With these strict size standards, special considerations must be made in the selection of thin line and fine pitched components. Using these components in PCMCIA cards will require higher standards in the manufacturing process, including automation.

In the manufacturing of PCMCIA cards, the small size of the connector and the high number of electrical connections between the connector and the circuitry of the card itself makes precise manual placement of the connector onto the card a tedious and time consuming process. Manual placement increases the chance for defects due to misalignment or mishandling. A solution to this problem would be to provide an automated process of attaching the connector to the PCB.

A number of assembly problems arise during the placement and attachment of the PCB between the connector leads. First of all, as shown in FIG. 1, since the distance between the top connector leads 12 and bottom connector leads 14 is usually less than 0.02 inches (0.508 mm) in the straight leaded straddle-mount connectors 15 used in the industry, it is difficult to manually assemble and practically impossible to assemble in an automated process due to the likelihood of lead interference with the edge of the PCB 18 and the solder bump 20 during the attachment process.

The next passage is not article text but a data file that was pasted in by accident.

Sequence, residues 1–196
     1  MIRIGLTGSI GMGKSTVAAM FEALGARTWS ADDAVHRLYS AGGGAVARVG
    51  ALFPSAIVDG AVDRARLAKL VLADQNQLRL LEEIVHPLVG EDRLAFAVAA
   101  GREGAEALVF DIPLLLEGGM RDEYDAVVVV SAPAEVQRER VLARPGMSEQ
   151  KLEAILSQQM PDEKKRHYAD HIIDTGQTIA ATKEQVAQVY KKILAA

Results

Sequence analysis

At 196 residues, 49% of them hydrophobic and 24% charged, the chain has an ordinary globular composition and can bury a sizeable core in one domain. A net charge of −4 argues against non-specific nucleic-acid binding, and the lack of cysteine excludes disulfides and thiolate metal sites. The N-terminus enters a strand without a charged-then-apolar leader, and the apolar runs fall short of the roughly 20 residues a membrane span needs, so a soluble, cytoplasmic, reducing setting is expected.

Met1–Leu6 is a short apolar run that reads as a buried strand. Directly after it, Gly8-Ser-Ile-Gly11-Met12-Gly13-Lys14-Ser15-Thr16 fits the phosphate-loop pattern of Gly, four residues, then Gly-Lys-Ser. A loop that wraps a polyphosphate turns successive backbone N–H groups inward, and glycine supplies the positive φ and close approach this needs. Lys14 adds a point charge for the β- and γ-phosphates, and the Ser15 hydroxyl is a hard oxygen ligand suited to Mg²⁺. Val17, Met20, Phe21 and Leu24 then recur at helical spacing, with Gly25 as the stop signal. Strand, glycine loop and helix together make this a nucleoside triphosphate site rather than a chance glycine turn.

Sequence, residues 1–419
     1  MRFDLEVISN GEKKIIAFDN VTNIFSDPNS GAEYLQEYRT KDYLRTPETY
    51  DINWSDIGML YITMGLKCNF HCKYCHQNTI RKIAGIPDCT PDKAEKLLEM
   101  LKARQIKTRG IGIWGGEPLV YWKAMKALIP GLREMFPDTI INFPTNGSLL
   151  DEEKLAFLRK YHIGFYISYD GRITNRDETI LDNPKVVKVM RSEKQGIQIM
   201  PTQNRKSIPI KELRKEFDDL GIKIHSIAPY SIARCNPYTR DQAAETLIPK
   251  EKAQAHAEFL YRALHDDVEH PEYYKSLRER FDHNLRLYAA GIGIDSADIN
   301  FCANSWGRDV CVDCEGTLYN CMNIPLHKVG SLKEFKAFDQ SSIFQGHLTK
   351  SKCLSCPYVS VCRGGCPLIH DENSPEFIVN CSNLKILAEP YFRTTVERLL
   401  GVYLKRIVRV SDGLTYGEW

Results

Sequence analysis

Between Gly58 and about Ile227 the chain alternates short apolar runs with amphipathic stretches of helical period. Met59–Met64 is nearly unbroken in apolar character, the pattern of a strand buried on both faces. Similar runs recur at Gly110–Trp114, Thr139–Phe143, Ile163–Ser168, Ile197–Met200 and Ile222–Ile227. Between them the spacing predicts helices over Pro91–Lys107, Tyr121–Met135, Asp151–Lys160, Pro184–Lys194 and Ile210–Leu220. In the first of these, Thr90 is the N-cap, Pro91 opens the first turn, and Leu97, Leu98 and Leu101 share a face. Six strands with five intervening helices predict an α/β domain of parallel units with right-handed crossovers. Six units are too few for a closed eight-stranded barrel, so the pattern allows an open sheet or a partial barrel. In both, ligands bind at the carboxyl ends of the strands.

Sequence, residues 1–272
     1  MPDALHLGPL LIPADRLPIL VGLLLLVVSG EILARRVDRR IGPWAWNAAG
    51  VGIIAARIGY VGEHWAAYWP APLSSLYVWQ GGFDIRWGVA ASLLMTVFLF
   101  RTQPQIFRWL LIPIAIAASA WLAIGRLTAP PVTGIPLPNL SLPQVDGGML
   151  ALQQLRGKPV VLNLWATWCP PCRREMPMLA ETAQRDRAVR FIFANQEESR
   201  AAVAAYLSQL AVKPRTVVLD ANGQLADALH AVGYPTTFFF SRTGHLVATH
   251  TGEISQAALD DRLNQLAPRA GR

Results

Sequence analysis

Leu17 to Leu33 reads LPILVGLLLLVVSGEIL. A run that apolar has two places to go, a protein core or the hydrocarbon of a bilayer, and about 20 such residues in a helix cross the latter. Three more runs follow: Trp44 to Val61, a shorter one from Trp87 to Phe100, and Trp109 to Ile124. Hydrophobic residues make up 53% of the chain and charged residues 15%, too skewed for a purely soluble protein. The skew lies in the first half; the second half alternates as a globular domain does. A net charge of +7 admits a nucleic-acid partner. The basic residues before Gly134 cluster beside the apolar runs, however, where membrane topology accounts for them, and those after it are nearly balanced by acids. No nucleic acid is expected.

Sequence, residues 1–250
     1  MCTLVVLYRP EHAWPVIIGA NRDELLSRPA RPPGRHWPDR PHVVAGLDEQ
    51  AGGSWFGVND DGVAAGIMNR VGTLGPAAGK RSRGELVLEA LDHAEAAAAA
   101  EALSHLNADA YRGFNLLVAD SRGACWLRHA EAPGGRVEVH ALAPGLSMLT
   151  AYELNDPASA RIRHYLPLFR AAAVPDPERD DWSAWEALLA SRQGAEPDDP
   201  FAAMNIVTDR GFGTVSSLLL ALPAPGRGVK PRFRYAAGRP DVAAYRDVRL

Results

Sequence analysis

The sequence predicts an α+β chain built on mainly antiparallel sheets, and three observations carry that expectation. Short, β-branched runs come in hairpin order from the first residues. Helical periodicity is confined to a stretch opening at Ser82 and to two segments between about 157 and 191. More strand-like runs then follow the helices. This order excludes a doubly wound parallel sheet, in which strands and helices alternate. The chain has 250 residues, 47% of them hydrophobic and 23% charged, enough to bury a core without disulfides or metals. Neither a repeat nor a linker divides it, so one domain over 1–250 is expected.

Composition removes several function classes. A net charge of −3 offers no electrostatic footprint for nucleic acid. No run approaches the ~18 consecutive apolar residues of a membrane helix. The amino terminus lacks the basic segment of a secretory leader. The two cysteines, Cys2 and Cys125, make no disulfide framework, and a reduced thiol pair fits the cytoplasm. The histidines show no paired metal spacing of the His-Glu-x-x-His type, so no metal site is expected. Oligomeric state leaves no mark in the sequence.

A second type of connector available is the compression fit, straddle-mount connector 16 shown in FIG. 2. This type of connector 16 has a radius in the top leads 12 to accommodate angled insertion of the PCB 18 by providing a type of "lead in" ramp 11. The range of clearance when the connector is initially attached at a 22.5° angle of attack is approximately 0.041 inches±0.005 inches (1.0414 mm±0.127 mm). This "angle of attack" insertion method aids in the assembly process by providing a larger target area decreasing the need for exact z-axis (vertical/up-down) alignment. However, this "lead-in" ramp 11 still requires nearly exact alignment, which is difficult to accomplish in an automated manufacturing process, since the range of clearance is only approximately 0.04 inches (1.016 mm).